Artist: Dan Miccolupi, 26

How did you get into cartoons? Since I was a kid, I've loved comic books. I think every kid growing up adores comic books. It's a great excuse for us to say to our parents "we're reading," but at the same time, we're looking at funny pictures. Getting into actually doing a strip comic didn't come until much, much later. A friend of mine actually did his own comics and put them out on his own personal label. One day, I (said), "Would it be cool if I did a strip comic of some type." He was like, "sure." It was basically robots malfunctioning and what would happen. Then, my friend approached me and (asked if I) wanted to do a comic book. It was more of a noir-type deal.

What inspired you? During that time, I actually worked at a video store. I was introduced to Kevin Smith and (I) loved "Clerks" and the whole New Jersey saga. I was turned on to the "Clerks" animated TV show. It blew me away. I said, "wouldn't it be funny if I did a comic based off of somebody working in a video store?" Two characters seem to work in comics. Popeye has Olive Oyl. Garfield has Jon. (My friend's) label company was called SMP Comics. I (just) called it "SMP Video Store." My first comic was a one-page (strip with) the two characters Dan and Ted. I remembered how much I really like in "Family Guy" when they do their . . . references to a movie or something. I watch a lot of movies working in a video store. I think I got out 89 of those (comics). (We) compiled them, put them in a book . . . and it was "SMP Vol. 1."

What happened after you came out with the book? My hope and dream was (for the comic) to end up in a newspaper. (That) didn't quite work out. I got introduced to other web comics that kind of fell under the same genre (of) popular culture. They're in full color. I love my PhotoShop. I love working on my Mac, and I just kind of went with it. A long time ago, I was part of a . . . video podcast. We did this short . . . still motion cartoon. (I) kind of want to do that with . . . SMP Video Store because some of the funny ideas I think of can't really be told in one page. I've been coming up with these one-minute cartoon shorts.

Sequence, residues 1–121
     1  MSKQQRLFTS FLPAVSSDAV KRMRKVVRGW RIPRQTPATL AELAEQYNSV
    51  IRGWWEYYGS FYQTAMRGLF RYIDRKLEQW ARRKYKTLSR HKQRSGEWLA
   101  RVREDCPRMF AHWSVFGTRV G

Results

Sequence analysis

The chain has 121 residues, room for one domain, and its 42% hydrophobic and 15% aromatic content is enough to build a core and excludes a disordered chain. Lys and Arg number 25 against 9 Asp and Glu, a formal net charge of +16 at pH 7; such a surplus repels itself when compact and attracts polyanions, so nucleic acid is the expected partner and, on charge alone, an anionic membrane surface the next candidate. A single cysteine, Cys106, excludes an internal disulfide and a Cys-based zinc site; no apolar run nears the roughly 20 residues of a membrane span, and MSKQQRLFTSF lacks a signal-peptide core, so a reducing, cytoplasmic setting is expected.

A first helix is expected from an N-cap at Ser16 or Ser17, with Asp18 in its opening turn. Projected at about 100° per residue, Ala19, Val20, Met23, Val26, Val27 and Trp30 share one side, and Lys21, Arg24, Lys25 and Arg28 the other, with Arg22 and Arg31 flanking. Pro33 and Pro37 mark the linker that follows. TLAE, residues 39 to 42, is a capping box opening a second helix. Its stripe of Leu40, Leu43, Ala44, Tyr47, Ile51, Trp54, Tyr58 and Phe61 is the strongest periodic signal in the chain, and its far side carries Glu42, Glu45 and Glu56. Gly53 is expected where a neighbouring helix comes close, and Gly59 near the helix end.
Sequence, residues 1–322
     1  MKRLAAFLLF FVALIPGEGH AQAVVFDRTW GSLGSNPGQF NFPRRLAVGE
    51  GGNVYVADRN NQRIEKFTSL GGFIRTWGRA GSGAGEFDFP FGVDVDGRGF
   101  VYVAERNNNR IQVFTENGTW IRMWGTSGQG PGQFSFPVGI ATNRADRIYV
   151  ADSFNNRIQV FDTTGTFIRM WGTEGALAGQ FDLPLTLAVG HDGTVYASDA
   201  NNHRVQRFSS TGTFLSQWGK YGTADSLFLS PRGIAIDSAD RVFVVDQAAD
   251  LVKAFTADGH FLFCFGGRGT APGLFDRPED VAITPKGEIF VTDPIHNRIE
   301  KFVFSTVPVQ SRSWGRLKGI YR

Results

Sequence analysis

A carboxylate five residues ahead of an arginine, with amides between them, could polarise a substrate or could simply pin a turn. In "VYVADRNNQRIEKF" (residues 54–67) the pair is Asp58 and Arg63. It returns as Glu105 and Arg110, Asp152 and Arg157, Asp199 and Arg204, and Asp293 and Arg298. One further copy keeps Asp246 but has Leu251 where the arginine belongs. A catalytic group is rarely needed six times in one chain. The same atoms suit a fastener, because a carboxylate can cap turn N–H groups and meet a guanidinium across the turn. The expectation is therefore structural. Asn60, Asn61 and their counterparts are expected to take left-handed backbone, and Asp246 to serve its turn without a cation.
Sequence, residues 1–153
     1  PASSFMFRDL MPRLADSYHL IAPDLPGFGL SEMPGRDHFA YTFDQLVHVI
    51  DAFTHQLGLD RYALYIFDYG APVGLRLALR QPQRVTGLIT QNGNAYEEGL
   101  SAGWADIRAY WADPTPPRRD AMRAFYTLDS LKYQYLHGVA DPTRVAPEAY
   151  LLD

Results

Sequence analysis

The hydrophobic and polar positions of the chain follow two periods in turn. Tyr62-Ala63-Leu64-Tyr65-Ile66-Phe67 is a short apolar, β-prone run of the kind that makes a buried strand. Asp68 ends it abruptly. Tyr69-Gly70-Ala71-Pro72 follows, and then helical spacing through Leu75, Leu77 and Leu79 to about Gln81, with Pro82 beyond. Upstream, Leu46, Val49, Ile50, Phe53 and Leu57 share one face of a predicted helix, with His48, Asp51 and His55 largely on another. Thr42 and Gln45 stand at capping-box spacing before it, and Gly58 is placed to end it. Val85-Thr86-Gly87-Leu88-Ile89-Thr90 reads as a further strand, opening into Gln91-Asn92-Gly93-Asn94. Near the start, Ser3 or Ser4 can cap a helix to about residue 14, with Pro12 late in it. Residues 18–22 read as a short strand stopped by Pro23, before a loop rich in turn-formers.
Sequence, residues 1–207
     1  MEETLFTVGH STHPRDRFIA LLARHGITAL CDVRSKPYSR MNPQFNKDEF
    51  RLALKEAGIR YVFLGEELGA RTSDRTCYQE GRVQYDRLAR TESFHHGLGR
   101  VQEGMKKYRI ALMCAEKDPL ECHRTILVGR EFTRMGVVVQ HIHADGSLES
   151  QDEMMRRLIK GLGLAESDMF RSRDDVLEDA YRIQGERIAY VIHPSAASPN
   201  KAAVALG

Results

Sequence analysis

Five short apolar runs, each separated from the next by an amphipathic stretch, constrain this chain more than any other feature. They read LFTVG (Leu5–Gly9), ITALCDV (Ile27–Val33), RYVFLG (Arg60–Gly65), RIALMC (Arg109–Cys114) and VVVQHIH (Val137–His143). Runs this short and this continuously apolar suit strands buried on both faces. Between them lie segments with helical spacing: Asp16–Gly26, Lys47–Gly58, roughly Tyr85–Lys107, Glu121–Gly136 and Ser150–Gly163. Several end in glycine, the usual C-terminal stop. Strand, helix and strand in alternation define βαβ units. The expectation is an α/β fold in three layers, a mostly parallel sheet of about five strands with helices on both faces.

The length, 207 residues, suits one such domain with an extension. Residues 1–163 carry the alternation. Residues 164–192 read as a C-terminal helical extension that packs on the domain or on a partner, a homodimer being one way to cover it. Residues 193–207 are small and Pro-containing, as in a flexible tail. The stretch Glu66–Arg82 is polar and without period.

What did you study in school? As a kid, I wanted to be in traditional animation like in Disney movies. (Then) "Toy Story" comes out and everything is computer animation, so I gave that a shot. I was in a lot of art classes. I had gone to college for graphic design and computer animation. I really like the graphic design aspect. (Due to a family illness) I never got to go back, but I never ended my passion of graphic design. I would go online and join other social networks that were about graphic design. All of my friends were in graphic design. I had it surrounding me. Humor is my escape, so doing a comic is the best thing for me to do.

What was your favorite comic? Growing up . . . "Spider-Man" was always No. 1. There was "Wolverine" and the "X-Men," but I would try to not always go with the norm. I loved getting "Beavis and Butt-Head" comic books and "Ren & Stimpy" and "Popeye" . . . because it was cartoons that I enjoyed in comic form. Spider-Man and Batman . . . to this day are my favorite comic book superheroes.

What strip comics do you read? It's always been "Garfield" and . . . "Peanuts." I don't necessarily know how new it is (but I also like) "Lio." There (are) no word bubbles. It's just this little boy who has this vast imagination. I was introduced to online strip comics. It's kind of the second wind of strip comics. Even traditional comics . . . have gone to the web as well.

What is your goal for your comics?I'd love for this to be a sustainable income. Who doesn't want to get paid to sit at home in their boxers, watch movies and make funny comics with pictures. That's a dream job for me. I want to get to that point where it's a comic that people like, people are talking about and people can share through email. I also want the mini animated shorts to take off.

Is it hard to draw the same characters over and over? You get used to it. When you start out, you want to make sure the character you're drawing is something that you can continually draw. They have to (have) a very distinctive look to them. Dan has a square head. Ted has a very elongated head. He kind of looks like a road cone. Dan looks like a cereal box on its side with an ear. Any shout outs? (My wife, Lydia) is my unofficial manager. She pushes me to evolve and encourages me. She's really been the inspiration . . . to keep me going. She's really the whole reason why I even think I'm at this point.

- Erin McCracken, FlipSide staff

Web series

Dan Miccolupi's latest series "Cavalcade of Terrifying Events" is an ongoing web comic. Each Tuesday, he posts two more pages online. The main characters, Dan and Ted, are in an elaborate chase scene that takes them through different movies. Miccolupi has been posting parts of the comic for about 14 weeks. At the end, he plans to compile the comic and produce a book. He said online comics give him instant feedback from fans. They reach a broader audience, which shares ideas. Anybody can leave a comment, he said.


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